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עמוד בית
Thu, 23.05.24

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January 2024
Ravit Peretz-Machluf MD, Mayan Gilboa MD, Shiran Bookstein-Peretz MD, Omri Segal MD, Noam Regev MD, Raanan Meyer MD, Gili Regev-Yochay MD, Yoav Yinon MD, Shlomi Toussia-Cohen MD

Background: Pregnant women are at higher risk for severe coronavirus disease 2019 (COVID-19). Since the release of the BNT162b2 messenger RNA vaccine (Pfizer/BioNTech), there has been accumulated data about the three vaccine doses. However, information regarding obstetric and neonatal outcomes of pregnant women vaccinated with the third (booster) vaccine is limited and primarily retrospective.

Objectives: To evaluate the obstetric and early neonatal outcomes of pregnant women vaccinated during pregnancy with the COVID-19 booster vaccine compared to pregnant women vaccinated only by the first two doses.

Methods: We conducted a cross-sectional study of pregnant women who received the BNT162b2 vaccine during pregnancy. Obstetric and neonatal outcomes were compared between pregnant women who received only the first two doses of the vaccine to those who also received the booster dose.

Results: Overall, 139 pregnant women were vaccinated during pregnancy with the first two doses of the vaccine and 84 with the third dose. The third dose group received the vaccine earlier during their pregnancy compared to the two doses group (212 vs. 315 weeks, respectively, P < 0.001). No differences in obstetric and early neonatal outcomes between the groups were found except for lower rates of urgent cesarean delivery in the third dose group (adjusted odds ratio 0.21; 95% confidence interval 0.048–0.926, P = 0.039).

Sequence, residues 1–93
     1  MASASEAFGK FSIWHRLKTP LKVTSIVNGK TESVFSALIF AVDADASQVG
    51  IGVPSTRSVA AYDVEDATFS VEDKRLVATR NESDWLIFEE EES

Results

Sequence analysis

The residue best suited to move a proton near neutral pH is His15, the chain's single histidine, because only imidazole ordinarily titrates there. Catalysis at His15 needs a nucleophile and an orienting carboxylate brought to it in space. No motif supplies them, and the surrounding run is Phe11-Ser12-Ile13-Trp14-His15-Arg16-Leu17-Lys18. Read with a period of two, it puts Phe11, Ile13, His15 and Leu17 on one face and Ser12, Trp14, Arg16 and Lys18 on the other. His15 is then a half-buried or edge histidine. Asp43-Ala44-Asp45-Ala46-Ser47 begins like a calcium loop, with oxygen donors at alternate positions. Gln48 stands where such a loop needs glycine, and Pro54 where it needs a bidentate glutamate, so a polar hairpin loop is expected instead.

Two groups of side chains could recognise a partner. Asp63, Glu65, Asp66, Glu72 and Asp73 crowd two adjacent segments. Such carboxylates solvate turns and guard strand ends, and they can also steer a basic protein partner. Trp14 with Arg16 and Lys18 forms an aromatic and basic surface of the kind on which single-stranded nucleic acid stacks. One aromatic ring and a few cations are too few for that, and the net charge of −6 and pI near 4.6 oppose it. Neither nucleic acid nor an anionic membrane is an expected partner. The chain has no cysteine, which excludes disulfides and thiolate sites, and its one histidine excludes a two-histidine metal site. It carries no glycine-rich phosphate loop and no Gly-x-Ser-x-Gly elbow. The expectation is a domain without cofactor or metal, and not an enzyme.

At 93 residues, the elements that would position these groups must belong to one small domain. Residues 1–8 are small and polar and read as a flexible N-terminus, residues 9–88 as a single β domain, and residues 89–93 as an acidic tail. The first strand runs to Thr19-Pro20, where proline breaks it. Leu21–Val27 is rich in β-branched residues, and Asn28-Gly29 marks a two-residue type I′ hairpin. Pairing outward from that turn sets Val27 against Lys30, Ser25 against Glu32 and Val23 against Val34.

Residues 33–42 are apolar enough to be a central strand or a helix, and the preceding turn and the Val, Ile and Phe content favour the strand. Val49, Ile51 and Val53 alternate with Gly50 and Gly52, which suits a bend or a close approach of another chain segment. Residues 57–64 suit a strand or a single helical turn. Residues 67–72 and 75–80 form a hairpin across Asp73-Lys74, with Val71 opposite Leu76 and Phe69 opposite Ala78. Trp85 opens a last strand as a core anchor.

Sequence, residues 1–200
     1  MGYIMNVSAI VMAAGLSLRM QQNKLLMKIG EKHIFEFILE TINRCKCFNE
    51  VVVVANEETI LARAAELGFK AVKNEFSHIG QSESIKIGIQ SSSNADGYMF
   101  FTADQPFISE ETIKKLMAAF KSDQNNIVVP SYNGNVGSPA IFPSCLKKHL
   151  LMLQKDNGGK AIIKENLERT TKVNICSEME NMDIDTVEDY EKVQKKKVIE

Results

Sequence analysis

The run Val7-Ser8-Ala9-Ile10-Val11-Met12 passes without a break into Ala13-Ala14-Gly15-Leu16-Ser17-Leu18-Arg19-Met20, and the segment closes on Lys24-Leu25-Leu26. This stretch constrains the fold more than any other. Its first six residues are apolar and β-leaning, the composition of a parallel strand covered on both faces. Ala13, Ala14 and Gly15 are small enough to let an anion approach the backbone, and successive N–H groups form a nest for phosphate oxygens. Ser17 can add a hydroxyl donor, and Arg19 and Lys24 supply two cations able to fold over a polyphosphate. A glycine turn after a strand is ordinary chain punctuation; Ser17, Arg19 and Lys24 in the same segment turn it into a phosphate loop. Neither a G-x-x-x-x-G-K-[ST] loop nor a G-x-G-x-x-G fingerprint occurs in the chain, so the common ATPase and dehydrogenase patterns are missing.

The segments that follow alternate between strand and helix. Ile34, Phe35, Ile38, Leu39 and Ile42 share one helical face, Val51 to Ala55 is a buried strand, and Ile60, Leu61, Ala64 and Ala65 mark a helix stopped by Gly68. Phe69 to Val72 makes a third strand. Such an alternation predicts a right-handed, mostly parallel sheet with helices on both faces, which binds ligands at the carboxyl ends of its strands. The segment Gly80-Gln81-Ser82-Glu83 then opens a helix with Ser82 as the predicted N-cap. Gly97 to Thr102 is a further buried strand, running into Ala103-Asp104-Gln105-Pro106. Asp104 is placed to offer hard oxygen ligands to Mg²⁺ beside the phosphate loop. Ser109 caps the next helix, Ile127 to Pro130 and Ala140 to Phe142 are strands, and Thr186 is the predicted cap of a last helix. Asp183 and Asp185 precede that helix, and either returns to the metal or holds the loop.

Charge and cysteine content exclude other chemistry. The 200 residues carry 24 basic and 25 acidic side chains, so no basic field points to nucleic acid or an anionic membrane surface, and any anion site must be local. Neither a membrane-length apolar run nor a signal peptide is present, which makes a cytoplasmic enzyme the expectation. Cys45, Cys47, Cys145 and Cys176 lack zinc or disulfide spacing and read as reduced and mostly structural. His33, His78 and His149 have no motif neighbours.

Conclusions: Compared to the first two doses of the BNT162b2 vaccine given in pregnancy, the booster vaccination is safe and not associated with an increased rate of adverse obstetric and early neonatal outcomes.

June 2023
Tal Bechor Ariel MD, Ben Ariel MD, Yuni Lahav MD, Moshe Yana BSc, Michael Ben-Acon MD, Nechama Sharon MD

Background: Infants younger than 6 months of age are not eligible for coronavirus disease 2019 (COVID-19) vaccinations. Maternal variables during pregnancy and the postnatal period may affect the clinical and laboratory course of COVID-19 positive infants.

Objective: To assess the clinical manifestation and laboratory differences in infants with three maternal variables: breastfeeding, vaccinated, and co-illness.

Methods: We conducted a single-center retrospective cohort study of positive COVID-19 infants with three subgroups of maternal variables. The population included infants under 6 months of age hospitalized due to COVID-19. Data about clinical features, laboratory tests, and maternal information including vaccination status, breastfeeding status and maternal positive COVID-19 infection was gathered. All variables were compared among the three subgroups.

Results: Breastfed infants had shorter hospitalization period (mean 2.61 ± 1.378 days) compared to non-breastfed infants (mean 3.8 ± 1.549) (P = 0.051). COVID-19 infants of positive COVID-19 mothers had a higher absolute neutrophil count (mean 4.4 ± 3.8) compared to infants of COVID-19 negative mothers (mean 2.7 ± 2.4) (P = 0.042).

Conclusion: Breastfeeding was associated with shorter periods of hospitalization in COVID-19 positive infants. In addition, positive COVID-19 infants of mothers who were positive for COVID-19 are likely to have a higher absolute neutrophils count.

February 2023
Shai Ashkenazi MD

The coronavirus disease 2019 (COVID-19) pandemic, caused by severe acute respiratory syndrome coronavirus 2 (SARS-CoV-2), impacted global health, human behavior, economics, and even politics. Two years after the start of the pandemic, the scientific community was still learning about COVID-19 infections. One of the major lessons was the association between SARS-CoV-2 and diverse autoimmune manifestations, including multiple autoantibodies and various autoimmune diseases that developed in COVID-19 patients.